Quantitative data were expressed as mean ± SD or as median and interquartile range, and categorical variables were presented as percentages. Descriptive summaries were presented for different groups of patients. The Student’s t-test or the Mann–Whitney U test was used for comparisons between continuous data, and a χ2 test was used for comparisons between categorical data. A Kaplan–Meier survival analysis was used to plot the survival curves. Multivariate Cox regression analysis with forward selection was performed to assess the predictability of variables on 1-year outcome presented as hazard ratios (HRs) and 95% CIs using p < 0.1 in univariate analyses for inclusion. p < 0.05 was considered to be statistically significant. All tests were two-sided. All the statistical analyses were performed using the SPSS Statistics 17.0 software (Chicago, IL, USA).
3.1. General information
A total of 1509 hospitalized patients (aged 63.9 ± 16.1 years) were included in the TSOC-HFrEF registry from May 2013 to October 2014. Among these patients, 393 (26%) had AF. These patients were further divided into the following two groups based on their AF status: 117 patients with PAF and 276 patients with non-PAF.
3.2. Differences in baseline characteristics
The differences in baseline characteristics of patients in the TSOC-HFrEF registry based on their AF status are shown in Table 1. In general, age and gender were similar in both groups. Regarding the etiology of HF, patients with PAF more frequently presented with ischemic cardiomyopathy (47.3% vs 29.7%, p = 0.021). Medical history revealed that patients with PAF more frequently presented with a history of myocardial infarction (29.9% vs 20.3%, p = 0.039), peripheral arterial disease (46.2% vs 29.0%, p = 0.001), and chronic kidney disease (46.2% vs 29.0%, p = 0.001). However, the incidence rates of a prior stroke were similar (14.5%) in both groups. Patients in the PAF group showed a slightly increased prevalence of hypertension (35% vs 27.9%) and diabetes mellitus (47.9% vs 38%) compared with those in the N-PAF group, which was not statistically different. Patients with PAF had higher a CHA2DS2-VASc score (4.0 vs 3.6, p = 0.033) and a higher HASBLED score (3.1 vs 2.6, p = 0.015) than patients with N-PAF.
3.3. Differences in cardiovascular examinations and laboratory tests
Differences in cardiovascular examinations of patients in the current registry based on their AF status are presented in Table 2, and differences in their laboratory tests are shown in Table 3. Regarding the ECG parameters, the mean heart rate, QRS duration, the percentages of left bundle branch block, left ventricular hypertrophy, and pathologic Q wave were comparable in both groups. The 24-hour Holter monitor data demonstrated that the PAF group had a significantly higher percentage of baseline sinus rhythm than the N-PAF group (p < 0.001). However, the mean 24-hour heart rate, ventricular premature beats counts, atrial premature beats counts, and the percentage of nonsustained ventricular tachycardia were similar in both groups. Echocardiographic examinations revealed that both groups had similar LVEF and left ventricular diameters, whereas patients with N-PAF had significantly larger left atrial diameter (50.5 vs 47.3 mm, p = 0.004), compared with those of patients with PAF. The percentages of moderate or severe mitral regurgitation, aortic regurgitation, tricuspid regurgitation, and aortic stenosis were comparable in both groups.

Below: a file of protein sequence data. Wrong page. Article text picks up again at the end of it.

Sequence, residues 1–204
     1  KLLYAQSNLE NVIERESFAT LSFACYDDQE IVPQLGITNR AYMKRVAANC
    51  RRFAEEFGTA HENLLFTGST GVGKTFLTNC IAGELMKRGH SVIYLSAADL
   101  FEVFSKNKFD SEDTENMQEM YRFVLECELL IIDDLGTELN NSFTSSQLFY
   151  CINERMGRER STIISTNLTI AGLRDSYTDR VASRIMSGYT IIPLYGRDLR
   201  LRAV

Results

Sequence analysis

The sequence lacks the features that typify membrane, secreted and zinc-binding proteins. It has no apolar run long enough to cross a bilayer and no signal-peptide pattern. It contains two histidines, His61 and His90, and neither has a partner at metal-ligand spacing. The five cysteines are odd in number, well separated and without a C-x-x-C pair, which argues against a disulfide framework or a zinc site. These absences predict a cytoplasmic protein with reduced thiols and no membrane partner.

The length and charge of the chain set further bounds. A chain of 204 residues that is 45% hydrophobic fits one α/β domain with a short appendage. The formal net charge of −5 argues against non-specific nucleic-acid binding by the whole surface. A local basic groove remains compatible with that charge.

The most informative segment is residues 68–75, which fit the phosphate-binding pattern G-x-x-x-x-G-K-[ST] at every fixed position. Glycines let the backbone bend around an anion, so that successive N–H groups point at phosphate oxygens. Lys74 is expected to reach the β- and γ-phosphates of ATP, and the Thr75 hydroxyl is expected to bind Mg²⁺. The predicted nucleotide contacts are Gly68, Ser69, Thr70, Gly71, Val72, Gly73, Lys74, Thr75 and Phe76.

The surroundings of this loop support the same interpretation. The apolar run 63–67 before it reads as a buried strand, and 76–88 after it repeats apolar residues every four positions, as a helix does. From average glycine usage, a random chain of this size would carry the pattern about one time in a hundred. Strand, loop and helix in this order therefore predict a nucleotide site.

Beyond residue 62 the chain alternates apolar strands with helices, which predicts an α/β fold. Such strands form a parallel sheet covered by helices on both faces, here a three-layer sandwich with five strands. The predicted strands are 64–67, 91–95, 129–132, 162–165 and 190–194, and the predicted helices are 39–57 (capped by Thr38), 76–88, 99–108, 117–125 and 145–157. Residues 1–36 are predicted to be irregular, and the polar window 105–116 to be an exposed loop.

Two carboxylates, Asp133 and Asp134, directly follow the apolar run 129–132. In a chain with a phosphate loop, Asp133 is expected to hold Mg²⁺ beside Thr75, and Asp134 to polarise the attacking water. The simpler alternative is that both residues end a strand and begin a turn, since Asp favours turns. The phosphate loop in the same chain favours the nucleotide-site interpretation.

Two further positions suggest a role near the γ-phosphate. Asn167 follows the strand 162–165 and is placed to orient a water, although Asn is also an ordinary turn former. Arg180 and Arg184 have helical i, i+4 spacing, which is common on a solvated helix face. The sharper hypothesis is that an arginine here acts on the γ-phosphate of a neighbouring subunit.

Patients with PAF had higher blood urea nitrogen and creatinine levels and lower estimated GFR and hemoglobin levels than patients with N-PAF. The levels of electrolytes, blood glucose, liver function, uric acid, natriuretic peptides, and cardiac troponin-I were similar in both groups.
3.4. Differences in in-hospital managements and guideline-recommended medications at discharge
Results of the comparisons of in-hospital management and discharge medications between both groups are shown in Table 4. Vital signs at admission and discharge were comparable in both groups. Approximately 30% to 40% of patients admitted in the intensive care unit and patients in the PAF group were more likely to receive endotracheal tube intubation and mechanical ventilator support compared with patients with N-PAF (19.7% vs 10.1%, p = 0.031). In-hospital mortality rates were 5.1% in the PAF group and 2.5% in the N-PAF group of patients (p = 0.22).
At discharge, patients with PAF were more likely to receive treatment with amiodarone (31.6% vs 13.8%, p < 0.001) and antiplatelet agents (54.1% vs 42.5%, p = 0.041) but less likely to receive renin–angiotensin system (RAS) blockers (52.3% vs 64.9%, p = 0.021), digoxin (26.1% vs 46.6%, p < 0.001), and anticoagulants (33.3% vs 50%, p = 0.003) compared with patients in the N-PAF group. The prescription rates of beta-blockers, mineralocorticoid receptor antagonists, and diuretics were comparable between patients in both groups.
3.5. One-year outcomes and predictors
At 6 and 12 months after hospital discharge, the all-cause mortality rates were 11.5% and 19.3% and the HF-related mortality rates were 7.8% and 12.0%, respectively. The 1-year all-cause mortality (26.2% vs 16.5%, p = 0.024) and non-HF-related mortality rates (13.1% vs 5.0%, p = 0.005) were significantly higher in patients with PAF, whereas the HF-related mortality rates were similar in both groups (13.1% vs 11.5%, p = 0.701). The Kaplan–Meier survival curves are shown in the Figure.
Among all patients with AF in the TSOC-HFrEF registry, the rates of rehospitalization for worsening HF were 30.7% and 37.1% at 6 and 12 months after index hospitalization, respectively. The 1-year readmission rates for HF in both groups were similar (39.4% in PAF and 36.2% in N-PAF patients, p = 0.55). The numbers of HF rehospitalizations were comparable in both groups (1.8 ± 1.2 times in PAF vs 1.7 ± 0.9 times in N-PAF patients, p = 0.447).